Laser modules are the building blocks of laser systems. It takes many kinds of lasers to make up a complete system. Laser modules can be categorized based on different criteria like their gain medium, wavelength, power levels, collimating optics, and other features.
Laser systems are made up of different modules to achieve the desired laser performance. They include beam expanders, beam delivery optics like lenses and mirrors, power supplies to supply power to the modules, and other components. When it comes to laser modules, there are different types.
Types of laser modules
1) Solid-state lasers (SSL)
These lasers use a synthetic sapphire crystal as an optical resonator, called an “optical table”. The most common type uses a rod of material such as Nd:YAG or fiber doped with rare-earth elements. Fiber solid-state lasers are used in the field of scientific research. They are also used for industrial purposes.
These lasers are optically pumped, with the energy coming from a flash lamp or diode laser. This is usually done using a built-in mirror, called a “lasing crystal”, which captures most of the light energy and reflects it back to be passed through another crystal with less reflectivity (total internal reflection).
2) Diode-pumped solid-state (DPSS) lasers
These are available in DPSS- type modules. DPSS lasers are solid-state lasers that emit coherent light through the interaction of electronic energy and active, or excited, atoms in a semiconductor material known as DPSS. DPSS stands for Diode Pumped Solid State, which means it has no gas tube, much like CO2 lasers. These lasers typically use an infrared laser diode that pumps a crystal containing neodymium, DPSS, and yttrium aluminum garnet (YAG). This causes the DPSS to produce light at a variety of wavelengths.
DPSS lasers are also very small compared to other types of lasers. DPSS modules allow for the most flexible laser characteristics, such as fluctuations in wavelength and pulse duration. This type of lasers emits coherent light through the interaction of electronic energy and active, or excited, atoms in a semiconductor material known as DPSS. DPSS modules allow for the most flexible laser characteristics, such as fluctuations in wavelength and pulse duration. DPSS stands for Diode Pumped Solid State, which means it has no gas tube, much like CO2 lasers. DPSS lasers produce different light wavelengths and the constant wavelength is very important for many industries and manufacturing purposes. They can be used in telecommunications, medical equipment, and mining applications.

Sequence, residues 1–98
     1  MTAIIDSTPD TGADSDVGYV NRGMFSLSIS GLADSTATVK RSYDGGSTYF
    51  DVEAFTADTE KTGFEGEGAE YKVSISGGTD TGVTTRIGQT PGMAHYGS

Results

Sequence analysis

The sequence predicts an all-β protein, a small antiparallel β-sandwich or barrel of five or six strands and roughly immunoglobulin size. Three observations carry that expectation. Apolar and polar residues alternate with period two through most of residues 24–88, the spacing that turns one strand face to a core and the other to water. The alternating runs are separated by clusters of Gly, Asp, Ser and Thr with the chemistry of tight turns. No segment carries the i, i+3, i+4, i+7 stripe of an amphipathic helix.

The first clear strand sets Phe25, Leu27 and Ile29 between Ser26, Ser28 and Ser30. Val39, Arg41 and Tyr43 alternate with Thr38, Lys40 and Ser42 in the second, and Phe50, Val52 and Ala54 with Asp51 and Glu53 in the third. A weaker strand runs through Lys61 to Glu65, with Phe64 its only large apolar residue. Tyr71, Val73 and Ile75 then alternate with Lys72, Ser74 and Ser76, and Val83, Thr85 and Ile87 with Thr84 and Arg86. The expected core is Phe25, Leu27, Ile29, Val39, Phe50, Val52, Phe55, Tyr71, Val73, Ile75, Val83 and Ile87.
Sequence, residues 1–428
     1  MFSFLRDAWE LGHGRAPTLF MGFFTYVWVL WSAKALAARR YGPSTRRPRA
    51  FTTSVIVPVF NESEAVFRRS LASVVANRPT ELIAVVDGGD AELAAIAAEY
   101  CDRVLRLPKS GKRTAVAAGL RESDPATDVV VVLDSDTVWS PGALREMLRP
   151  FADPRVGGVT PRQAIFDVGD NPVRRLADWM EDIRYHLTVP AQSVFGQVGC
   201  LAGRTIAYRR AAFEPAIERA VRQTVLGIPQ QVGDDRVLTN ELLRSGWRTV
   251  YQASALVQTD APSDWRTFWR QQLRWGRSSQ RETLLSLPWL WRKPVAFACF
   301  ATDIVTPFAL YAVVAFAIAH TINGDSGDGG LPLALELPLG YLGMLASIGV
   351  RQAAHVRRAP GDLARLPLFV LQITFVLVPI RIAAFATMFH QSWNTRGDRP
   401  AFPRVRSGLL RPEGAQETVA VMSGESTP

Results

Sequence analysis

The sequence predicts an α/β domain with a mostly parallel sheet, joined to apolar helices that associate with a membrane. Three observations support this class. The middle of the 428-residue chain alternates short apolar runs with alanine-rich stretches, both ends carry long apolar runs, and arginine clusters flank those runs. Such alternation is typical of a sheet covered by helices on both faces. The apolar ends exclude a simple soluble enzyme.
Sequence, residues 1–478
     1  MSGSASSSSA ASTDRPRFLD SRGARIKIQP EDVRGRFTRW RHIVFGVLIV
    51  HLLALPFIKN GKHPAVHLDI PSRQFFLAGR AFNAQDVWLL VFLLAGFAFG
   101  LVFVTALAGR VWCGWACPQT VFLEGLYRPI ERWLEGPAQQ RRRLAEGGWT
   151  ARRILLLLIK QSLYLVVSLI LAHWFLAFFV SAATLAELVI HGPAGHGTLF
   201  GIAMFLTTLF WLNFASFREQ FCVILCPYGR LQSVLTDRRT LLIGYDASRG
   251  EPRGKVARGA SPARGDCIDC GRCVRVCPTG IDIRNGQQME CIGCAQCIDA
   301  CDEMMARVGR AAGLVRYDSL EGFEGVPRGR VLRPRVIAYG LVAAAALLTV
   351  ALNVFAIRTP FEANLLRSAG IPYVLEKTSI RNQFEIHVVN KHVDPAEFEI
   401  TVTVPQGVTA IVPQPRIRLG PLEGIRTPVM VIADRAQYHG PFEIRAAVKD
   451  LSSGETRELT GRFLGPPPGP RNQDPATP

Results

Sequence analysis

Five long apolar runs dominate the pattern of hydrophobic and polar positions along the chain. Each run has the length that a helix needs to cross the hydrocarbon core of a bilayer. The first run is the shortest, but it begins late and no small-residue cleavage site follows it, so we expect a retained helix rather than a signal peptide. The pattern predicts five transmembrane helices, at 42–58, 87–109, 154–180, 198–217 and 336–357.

3. External cavity lasers (ECL)
The first group of ECL types is the edge-emitting lasers, which emit beams from the facet. The easiest way to distinguish them is by looking at their lens mounts: if they have a single or double focus mount, then they are edge-emitting lasers. In edge-emitting lasers, the current is injected into a waveguide that runs down one side of the semiconductor crystal. As the carriers travel from the injection point to the other end of the crystal they are reflected by a mirror formed in a ridge on top of an ohmic contact. The total internal reflection at this interface results in the emission of most of the carriers from the top surface. The emitted wave then, by total reflection, reaches a second mirror formed in another surface that limits emission to an edge.
The lasers are fabricated with photolithography techniques similar to those used for integrated circuits, with process steps including doping and implantation, epitaxial growth, optical and electrical contacting, metallization, and planarization. All of these can be done with thin-film deposition techniques.
4. Quantum cascade laser (QCL)